Let's review what the American government knows about its exciting new coalition of "Sunni moderates":
The Basic Law does not provide for freedom of speech or the press, and the government generally did not respect these rights in practice. According to the Basic Law, the media's role is to educate the masses and promote national unity. Media outlets can be banned if they promote mischief and discord, compromise the security of the state and its public image, or offend man's dignity and rights. The government continued to restrict freedom of speech and press and censored articles critical of the royal family or Islam. The authorities routinely censored foreign print sources....
The print media were censored and privately owned; some had close ties to members of the royal family. Journalists practiced self-censorship by refraining from direct criticism of government officials. A media policy statement and a national security law prohibit the dissemination of criticism of the royal family and the government. The government media policy statement urged journalists to uphold Islam, oppose atheism, promote Arab interests, and preserve cultural heritage. The Ministry of Information must approve the appointment of, and may remove, all senior editors. The government also provided guidelines to newspapers regarding controversial issues. The government-owned Saudi Press Agency expressed official government views. All newspapers in the country must be licensed by the government. With a license, newspapers are allowed to carry government advertisements which accounted for the largest sources of revenue for the newspapers... Authorities continued to ban government employees from criticizing the government. The government enforced existing laws based on Article 12 of the Basic Law that provides the state with the authority to "prevent anything that may lead to disunity, sedition, and separation." Accordingly, all public employees are enjoined from "participating, directly or indirectly, in the preparation of any document, speech or petition, engaging in dialogue with local and foreign media, or participating in any meetings intended to oppose the state's policies."... The government owned and operated most domestic television and radio companies. Government censors removed any reference in foreign programs and songs to politics, religions other than Islam, pork or pigs, alcohol, and sex.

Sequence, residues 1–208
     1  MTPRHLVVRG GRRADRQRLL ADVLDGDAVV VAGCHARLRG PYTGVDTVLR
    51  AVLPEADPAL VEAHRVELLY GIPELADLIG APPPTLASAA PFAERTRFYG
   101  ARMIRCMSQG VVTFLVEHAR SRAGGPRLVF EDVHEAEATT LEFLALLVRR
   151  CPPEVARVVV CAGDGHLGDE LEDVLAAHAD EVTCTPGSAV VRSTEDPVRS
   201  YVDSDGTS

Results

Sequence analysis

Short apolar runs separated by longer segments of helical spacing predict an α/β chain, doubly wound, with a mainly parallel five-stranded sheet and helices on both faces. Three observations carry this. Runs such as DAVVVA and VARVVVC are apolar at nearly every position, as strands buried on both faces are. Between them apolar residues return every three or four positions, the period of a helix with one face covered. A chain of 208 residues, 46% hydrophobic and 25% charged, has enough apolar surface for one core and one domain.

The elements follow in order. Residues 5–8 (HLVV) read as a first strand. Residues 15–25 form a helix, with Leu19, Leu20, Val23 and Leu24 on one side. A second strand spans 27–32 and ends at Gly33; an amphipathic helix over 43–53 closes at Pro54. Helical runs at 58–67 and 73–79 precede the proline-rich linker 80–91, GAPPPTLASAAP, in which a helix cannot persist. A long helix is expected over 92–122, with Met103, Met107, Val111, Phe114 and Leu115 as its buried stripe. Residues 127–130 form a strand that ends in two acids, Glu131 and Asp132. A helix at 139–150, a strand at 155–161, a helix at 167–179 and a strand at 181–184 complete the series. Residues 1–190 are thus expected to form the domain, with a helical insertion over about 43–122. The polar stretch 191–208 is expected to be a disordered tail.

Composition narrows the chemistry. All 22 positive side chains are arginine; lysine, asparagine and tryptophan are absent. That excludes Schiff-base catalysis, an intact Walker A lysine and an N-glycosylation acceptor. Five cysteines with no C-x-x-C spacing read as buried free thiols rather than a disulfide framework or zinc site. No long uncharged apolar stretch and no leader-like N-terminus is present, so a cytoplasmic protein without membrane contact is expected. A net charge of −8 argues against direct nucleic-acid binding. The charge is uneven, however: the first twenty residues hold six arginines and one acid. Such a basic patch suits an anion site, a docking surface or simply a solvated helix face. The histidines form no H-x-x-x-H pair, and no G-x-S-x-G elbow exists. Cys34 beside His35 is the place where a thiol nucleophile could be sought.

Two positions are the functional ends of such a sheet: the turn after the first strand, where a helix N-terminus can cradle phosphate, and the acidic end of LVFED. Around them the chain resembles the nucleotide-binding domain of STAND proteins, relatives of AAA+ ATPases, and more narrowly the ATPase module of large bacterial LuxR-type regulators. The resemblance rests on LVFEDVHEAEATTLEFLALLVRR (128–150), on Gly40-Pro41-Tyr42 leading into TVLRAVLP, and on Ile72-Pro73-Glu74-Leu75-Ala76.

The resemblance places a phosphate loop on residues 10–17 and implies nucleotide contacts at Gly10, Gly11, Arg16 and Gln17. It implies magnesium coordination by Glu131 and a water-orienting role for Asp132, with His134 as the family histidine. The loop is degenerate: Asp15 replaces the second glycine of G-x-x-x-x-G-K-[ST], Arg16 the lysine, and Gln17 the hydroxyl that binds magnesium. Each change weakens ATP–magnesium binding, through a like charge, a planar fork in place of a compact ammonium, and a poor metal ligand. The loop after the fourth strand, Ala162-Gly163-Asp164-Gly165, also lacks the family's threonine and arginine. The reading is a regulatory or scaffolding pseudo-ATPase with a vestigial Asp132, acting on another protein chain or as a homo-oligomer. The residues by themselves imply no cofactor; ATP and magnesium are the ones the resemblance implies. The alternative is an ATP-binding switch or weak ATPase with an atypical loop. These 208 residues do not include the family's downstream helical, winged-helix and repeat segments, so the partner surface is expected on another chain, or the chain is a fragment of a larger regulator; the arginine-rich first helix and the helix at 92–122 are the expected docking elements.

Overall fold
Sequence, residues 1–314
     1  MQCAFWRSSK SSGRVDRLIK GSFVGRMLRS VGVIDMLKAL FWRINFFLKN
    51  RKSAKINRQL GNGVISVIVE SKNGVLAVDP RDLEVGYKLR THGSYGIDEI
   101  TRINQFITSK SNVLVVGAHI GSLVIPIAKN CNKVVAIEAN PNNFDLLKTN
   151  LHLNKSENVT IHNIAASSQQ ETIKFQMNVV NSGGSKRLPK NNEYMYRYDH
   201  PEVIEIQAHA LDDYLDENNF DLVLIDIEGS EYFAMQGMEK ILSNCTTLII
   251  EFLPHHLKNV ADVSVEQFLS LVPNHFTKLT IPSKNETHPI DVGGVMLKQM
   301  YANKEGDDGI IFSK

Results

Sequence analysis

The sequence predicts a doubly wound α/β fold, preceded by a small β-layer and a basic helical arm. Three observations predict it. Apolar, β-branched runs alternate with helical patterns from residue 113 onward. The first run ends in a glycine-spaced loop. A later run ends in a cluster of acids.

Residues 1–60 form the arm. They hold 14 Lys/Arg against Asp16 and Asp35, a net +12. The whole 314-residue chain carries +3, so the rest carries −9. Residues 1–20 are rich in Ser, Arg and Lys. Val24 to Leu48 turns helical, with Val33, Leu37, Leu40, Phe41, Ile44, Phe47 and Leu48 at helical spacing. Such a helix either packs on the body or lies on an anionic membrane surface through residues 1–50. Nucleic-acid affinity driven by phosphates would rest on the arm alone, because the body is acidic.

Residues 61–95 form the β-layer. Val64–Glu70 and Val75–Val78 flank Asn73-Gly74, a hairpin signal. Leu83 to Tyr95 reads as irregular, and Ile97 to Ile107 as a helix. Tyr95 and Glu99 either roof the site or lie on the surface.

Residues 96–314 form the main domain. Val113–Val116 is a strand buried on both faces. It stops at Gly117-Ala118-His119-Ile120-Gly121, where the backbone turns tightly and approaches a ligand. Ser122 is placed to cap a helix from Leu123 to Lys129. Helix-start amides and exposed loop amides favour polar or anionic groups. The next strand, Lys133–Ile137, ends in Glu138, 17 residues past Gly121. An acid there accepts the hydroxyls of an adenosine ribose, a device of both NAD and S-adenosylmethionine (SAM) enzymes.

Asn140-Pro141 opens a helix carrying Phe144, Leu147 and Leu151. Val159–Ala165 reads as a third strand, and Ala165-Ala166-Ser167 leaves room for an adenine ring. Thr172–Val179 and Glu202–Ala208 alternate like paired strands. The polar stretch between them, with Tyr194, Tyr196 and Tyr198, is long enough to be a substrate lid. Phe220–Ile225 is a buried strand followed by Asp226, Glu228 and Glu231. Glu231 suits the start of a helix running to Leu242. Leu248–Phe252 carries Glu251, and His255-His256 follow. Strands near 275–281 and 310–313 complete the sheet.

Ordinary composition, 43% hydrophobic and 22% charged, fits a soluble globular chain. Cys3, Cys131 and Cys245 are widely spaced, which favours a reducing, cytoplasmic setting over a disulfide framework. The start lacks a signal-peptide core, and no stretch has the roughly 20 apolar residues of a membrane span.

On August 4, award-winning writer and women's rights activist, Wajiha Al-Howaider, was arrested on the causeway to Bahrain because she was holding a sign that read, "Give women their rights." She was released with a warning. On September 20, she was summoned and interrogated for six hours by the secret police for planning a peaceful protest on September 23, national day, by women demanding their rights. The secret police threatened her with the loss of her job at Saudi Aramco. Al-Howaider was released only after she signed a written pledge to cease human rights activities in the kingdom, including writing articles, organizing protests, and talking to the media. She was not allowed to leave the country for her home in Bahrain until September 28.